Director: Angga Dwimas Sasongko
Scriptwriter: Angga Dwimas Sasongko, Jenny Jusuf
Runtime: 2 hours 1 minute
‘Nanti Kita Cerita Tentang Hari Ini’ shows what it seems to be a warm and loving family could turn into a callous place, dramatically imprisons everyone (feeling) inside.
Why It’s Worth Watching
Nanti Kita Cerita Tentang Hari Ini takes the different approach of a family drama by introducing the storyline through the complexity of three children who as well share unique, distinctive personalities and obstacles.
It is also quite delightful how the film takes its cinematography and scoring with great attention as they cleverly match the storytelling as well as the soothing dialog taken from the original book written by Marchella FP.
Enter the Family Tragedy
Debuted on January 2nd 2020, Nanti Kita Cerita Tentang Hari Ini (NKCTHI) offers an interesting tale that is quite different compared to previous Indonesian films. While most of the themes are dominated by comedy, romance, or religion or even the combination of them, NKCTHI splendidly brings a fresh vibe for cinema-goers at the beginning of the year.
Though the film is brought from the book with the same title, the whole story created in it is freshly made, only borrowing one character named Awan and a plethora of quotes from the book, which in fact a quote book.
Focusing on a family that consists of parents and three kids, NKCTHI presents these characters with emotional, heartbreaking depictions. Every single one of the members holds various struggles, which they solidly keep from time to time. To make it even worse, you will find the three children, especially the firstborn and the second-born, clench to the burden tenaciously even from their childhood.
You will be brought to the confusion of what actually happens within the family. Why the father, Narendra (Oka Antara/Donny Damara) hardly pushes his son in taking care of his sisters and why the mother, Ajeng (Niken Anjani/Susan Bachtiar), was crying in the bathroom on the one specific scene in the first quarter of the film.
It is reasonable since the secret, the reason why the parents behave in that way, is told later near the end of the story. It also concludes the mental burden that haunts them for years. And it’s not just the parents that suffer from it, but also their children.
The Children, The Feels
The first-born Angkasa (Rio Dewanto), middle child Aurora (Sheila Dara Aisha), and the youngest Awan (Rachel Amanda) are, needless to say, who define the film. Even though it’s clear how the show mainly focuses on Awan, it gradually embarks on telling the tale of her older siblings. Each one of them has its own moment that intertwines others and draws its conclusion at the right time, for when you might prepare a pack of tissue to sweep the stream of your tears.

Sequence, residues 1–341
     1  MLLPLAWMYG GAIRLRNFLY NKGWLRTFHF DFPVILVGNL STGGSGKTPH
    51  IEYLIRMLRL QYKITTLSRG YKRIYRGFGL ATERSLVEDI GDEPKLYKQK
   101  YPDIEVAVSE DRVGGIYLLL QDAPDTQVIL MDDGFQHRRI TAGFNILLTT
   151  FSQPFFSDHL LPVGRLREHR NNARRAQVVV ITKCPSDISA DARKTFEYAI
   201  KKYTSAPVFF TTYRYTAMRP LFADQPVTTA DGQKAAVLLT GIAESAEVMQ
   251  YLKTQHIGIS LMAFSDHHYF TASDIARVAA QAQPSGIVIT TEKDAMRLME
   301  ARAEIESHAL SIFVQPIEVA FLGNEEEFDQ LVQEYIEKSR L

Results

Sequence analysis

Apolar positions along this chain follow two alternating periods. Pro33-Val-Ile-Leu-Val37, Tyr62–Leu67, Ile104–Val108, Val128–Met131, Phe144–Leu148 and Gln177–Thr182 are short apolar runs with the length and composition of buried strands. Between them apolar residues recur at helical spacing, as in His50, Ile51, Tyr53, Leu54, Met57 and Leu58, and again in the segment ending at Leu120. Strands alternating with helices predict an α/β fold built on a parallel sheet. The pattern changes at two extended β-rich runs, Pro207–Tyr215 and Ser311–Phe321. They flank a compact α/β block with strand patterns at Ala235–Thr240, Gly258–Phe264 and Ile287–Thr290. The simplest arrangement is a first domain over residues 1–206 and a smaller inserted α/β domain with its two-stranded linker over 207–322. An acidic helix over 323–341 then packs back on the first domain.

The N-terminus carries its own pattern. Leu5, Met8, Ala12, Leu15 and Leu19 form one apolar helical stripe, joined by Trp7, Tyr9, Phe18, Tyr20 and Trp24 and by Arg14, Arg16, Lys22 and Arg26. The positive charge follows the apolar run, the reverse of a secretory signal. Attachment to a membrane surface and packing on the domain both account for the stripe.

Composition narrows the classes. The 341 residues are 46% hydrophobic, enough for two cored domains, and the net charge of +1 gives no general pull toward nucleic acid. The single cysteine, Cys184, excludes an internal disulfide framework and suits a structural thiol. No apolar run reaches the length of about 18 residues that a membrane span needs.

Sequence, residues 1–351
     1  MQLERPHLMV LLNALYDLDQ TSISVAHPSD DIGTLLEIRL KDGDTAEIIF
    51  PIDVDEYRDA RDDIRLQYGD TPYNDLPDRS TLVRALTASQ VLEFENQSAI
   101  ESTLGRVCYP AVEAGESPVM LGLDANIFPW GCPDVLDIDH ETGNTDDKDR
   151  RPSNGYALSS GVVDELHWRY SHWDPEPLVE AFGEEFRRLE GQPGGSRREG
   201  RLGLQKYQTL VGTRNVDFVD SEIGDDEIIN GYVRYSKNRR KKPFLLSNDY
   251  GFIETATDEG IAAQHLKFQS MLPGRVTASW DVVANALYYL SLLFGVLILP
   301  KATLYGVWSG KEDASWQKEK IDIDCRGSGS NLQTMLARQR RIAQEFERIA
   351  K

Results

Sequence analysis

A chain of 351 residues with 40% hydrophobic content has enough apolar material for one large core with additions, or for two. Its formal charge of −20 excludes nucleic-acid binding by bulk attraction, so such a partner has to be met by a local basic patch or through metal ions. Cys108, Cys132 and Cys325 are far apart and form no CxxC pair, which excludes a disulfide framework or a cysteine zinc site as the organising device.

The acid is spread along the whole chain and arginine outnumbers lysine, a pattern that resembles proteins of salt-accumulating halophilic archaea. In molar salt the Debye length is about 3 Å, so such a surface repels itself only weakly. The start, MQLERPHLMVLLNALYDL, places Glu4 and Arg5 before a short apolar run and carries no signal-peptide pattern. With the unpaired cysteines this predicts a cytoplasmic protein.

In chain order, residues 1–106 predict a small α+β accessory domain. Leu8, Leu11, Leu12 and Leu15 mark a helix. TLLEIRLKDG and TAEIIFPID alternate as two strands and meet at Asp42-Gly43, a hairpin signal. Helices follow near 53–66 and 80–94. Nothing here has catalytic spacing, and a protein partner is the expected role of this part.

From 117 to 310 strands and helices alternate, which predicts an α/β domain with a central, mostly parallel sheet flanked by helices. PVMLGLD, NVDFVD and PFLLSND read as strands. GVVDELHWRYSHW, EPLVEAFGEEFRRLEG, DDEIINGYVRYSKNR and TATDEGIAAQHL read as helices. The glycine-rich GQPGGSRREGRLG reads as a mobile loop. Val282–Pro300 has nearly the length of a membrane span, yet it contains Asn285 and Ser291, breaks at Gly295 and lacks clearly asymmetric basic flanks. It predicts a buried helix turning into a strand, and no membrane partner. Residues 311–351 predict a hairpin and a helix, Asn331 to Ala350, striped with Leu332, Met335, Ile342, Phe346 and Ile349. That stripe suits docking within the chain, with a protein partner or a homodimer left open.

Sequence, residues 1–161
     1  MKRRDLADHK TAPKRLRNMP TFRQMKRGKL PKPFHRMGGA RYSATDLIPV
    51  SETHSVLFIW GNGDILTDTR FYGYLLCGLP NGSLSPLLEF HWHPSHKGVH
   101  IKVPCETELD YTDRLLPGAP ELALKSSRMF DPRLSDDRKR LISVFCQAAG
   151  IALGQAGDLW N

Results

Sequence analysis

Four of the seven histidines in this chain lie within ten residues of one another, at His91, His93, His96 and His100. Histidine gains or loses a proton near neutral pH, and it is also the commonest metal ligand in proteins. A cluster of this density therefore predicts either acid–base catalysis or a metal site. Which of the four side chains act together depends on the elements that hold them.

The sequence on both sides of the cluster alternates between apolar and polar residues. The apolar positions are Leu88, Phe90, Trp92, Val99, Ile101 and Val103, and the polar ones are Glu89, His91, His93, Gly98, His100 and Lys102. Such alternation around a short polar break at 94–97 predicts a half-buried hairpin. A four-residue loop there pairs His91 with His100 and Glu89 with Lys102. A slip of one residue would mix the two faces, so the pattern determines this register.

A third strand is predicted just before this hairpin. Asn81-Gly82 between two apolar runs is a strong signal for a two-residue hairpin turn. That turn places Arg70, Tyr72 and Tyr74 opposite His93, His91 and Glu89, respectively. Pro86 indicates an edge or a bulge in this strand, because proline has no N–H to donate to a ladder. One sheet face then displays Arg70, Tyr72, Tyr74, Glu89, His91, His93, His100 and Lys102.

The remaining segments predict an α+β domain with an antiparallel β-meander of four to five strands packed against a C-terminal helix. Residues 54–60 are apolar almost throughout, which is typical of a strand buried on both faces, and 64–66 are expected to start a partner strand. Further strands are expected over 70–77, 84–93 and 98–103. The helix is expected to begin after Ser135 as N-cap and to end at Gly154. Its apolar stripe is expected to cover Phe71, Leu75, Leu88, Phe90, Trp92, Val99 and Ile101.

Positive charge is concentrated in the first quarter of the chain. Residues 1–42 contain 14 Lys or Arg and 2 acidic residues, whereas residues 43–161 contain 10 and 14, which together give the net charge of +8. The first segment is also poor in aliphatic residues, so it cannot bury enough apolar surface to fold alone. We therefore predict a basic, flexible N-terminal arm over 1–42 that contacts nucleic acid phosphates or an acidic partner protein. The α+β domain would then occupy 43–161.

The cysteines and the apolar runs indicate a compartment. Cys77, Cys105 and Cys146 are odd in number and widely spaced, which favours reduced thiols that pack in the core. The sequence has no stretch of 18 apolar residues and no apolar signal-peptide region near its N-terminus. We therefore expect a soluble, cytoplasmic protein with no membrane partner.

You will be shown by the first round of the film that Angkasa has to endure the task his father instills, which is looking after his sisters, most importantly Awan. What’s a seemingly simple saying that is normally told to every first-born is changed to a herculean mission due to the father’s overprotective trait toward Awan.
The sole rule really makes the best of it. It happens even twenty years later. The burden to always keep the youngest safe eventually drains the life of Angkasa and Aurora. Angkasa must sustain the undying responsibility that is still needed to be obeyed, resulting in sacrificing his own life.
Aurora, pretty much the same, has to bear the irony behind all of it by tolerating and receiving the absence of his father’s love. Although she is the brightest among others, the lack of his father’s appreciation, as well as his brother’s closeness to Awan are enough to bring her to the state of loneliness.
Awan, on the other hand, as the one becoming the center of attention, eventually becomes aware of the family that supporting her has apparently turn into a decision-maker for every problem she faces, nullifying her own judgment. Her afterward encounter with Kale, the man from the music crew, makes her disenchanted with it. She then starts to confront her father’s perpetual behavior and things are going nasty from this point.
Despite the three have their personal issue, not to mention their parents having something kept in secret, you will be astounded on how the director Angga Dwimas Sasongko gives each member of the family the moment to shine. They share the same amount of spotlight as they come naturally to resolve their problem and none of them are going to the oblivion.
Added to that, it may interest you how the film company Visinema before this show debut introduces the children through three separate trailers. Each of these trailers is narrated by either the youngest or the older and accompanied by amazing soundtracks.
One thing that feels off about this film is rotated around the settlement of the conflict. Although it is quite adequate to finish the problem in such a way, it is pretty much like being rushed for the sake of providing to the conclusion (and that one scene when the mother picks up the key is kinda cheesy). Nevertheless, the ending is wholly satisfying.
“Hidup itu lucu ya. Yang dicari, hilang. Yang dikejar, lari. Sampai kita lelah dan berserah, saat itu semesta bekerja.”
“Life is funny, isn’t? What being search, gone. What being chase, leave. Till the time we’re tired and accept it, that’s when the universe works.”
A tender family drama like no other, wrapped in decent dialogs and filled with suited soundtracks, which are sufficient to make the audiences breaking down in tears.
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